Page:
Even with such a strong premise to build off of, Signature Move was pretty weak. Jennifer Reeder directed this 2017 romantic comedy about identity in both culture and sexuality. Despite the incredibly interesting logline, the awkward pacing and inconsistent tone kept it from reaching its potential.
Zaynab is a Pakistani Muslim lawyer who takes care of her conservative widowed mother. She struggles with keeping her sexuality a secret from her mother, especially once she starts dating a Mexican woman named Alma. Alma is already out and is very close with her mother, so this creates a schism between the young couple. Also, there is lucha libre wrestling, which I feel like should have been a much more integral part of the film than it was.
I really, really wanted to like this movie. There were some jokes that really made me laugh but most of them just fell flat, not because they were bad jokes, but because the pacing was so strange. It was poor setup. I had a hard time following character motivations because of it as well. I can tell the filmmakers really tried to follow the “show, don’t tell” rule, but having shots linger a full four seconds too long isn’t actually showing us anything.
I found the main characters very charming, but I wish I could have gotten to know them better, on more genuine level than what was presented. I never felt like I was following their motivations or knew what they were thinking or feeling. The characterization was very choppy.
The film seemed to struggle with its tone, looking for that bittersweet comedic romance feeling but never quite getting there. Nothing felt genuine and I was very aware that I was watching a movie the whole time.
The level of care that went into portraying the cultures of these two women was the most enjoyable part of the movie. Moreso than the queer romance even, which is saying something since I am a queer woman. The best part of this movie was watching these two cultures interact, comparing and contrasting them. It is important to note that the director is a white woman and I am also a white woman. However, the woman who plays Zaynab, Fawzia Mirza, is the co-writer and a Pakistani-Canadian. So what may seem realistic and respectful in terms of representation to me is up for debate.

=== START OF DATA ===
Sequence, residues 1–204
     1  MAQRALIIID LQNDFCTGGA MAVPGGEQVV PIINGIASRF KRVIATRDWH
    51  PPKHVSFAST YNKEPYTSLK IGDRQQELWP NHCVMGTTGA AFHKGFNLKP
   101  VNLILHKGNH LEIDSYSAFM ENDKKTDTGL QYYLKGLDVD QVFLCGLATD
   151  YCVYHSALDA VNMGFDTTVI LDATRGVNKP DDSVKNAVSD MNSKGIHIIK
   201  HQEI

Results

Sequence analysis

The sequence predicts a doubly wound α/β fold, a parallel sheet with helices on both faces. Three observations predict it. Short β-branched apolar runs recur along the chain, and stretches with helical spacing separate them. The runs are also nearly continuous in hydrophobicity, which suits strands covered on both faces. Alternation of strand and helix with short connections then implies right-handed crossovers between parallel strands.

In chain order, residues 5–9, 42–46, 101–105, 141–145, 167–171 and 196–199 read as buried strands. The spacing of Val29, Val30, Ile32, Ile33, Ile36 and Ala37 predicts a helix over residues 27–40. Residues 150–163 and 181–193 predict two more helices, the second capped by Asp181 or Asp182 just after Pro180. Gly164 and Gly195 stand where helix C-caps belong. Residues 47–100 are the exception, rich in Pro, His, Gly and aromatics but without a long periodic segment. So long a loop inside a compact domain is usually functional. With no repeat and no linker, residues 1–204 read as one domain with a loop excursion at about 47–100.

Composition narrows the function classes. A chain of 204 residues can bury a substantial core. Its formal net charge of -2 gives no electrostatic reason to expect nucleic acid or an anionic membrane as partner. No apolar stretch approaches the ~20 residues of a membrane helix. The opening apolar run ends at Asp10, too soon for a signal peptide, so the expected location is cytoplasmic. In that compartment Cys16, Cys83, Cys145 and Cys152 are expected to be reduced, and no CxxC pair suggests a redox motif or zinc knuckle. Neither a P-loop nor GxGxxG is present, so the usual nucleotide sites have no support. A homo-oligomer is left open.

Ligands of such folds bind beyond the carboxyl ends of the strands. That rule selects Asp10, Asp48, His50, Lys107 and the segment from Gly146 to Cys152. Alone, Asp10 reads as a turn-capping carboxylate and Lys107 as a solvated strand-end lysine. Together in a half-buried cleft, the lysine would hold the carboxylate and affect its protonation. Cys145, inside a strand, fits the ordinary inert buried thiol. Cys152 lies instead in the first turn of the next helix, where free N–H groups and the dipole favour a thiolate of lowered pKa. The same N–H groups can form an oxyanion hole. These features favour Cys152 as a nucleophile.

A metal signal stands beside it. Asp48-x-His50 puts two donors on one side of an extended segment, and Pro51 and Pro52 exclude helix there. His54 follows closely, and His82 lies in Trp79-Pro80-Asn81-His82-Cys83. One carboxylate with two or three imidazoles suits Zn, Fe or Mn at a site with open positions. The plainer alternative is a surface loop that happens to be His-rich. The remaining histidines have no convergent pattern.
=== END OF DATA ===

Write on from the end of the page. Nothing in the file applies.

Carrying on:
If you took out the entire lucha libre aspect of the film, you’d still have the same basic movie. While it was a very large part of Alma’s mother’s characterization and it was something Zaynab did on occasion, it wasn’t integral to them or their relationship. However, if they would have directed more focus onto the lucha libre portion of the movie, it might have taken away some of the focus on Alma and Zaynab’s personal cultures.
This movie had serious potential but fell short on execution. It almost felt unfinished, like if the filmmakers had just a bit more time or money, they would have a more fully formed product. It does deserve props for offering a queer romance that isn’t based in tragedy, but something sweet and realistic in terms of what queer people of color go through.
Despite this movie being sort of disappointing in it’s execution, I don’t want to dissuade anyone from seeing it. I would love to see more movies like Signature Move come out (haha, get it?), and the only way to do that is to show your support for the genre. And who knows? Maybe this movie would be entirely enjoyable for someone who isn’t as much of a stickler as I am.
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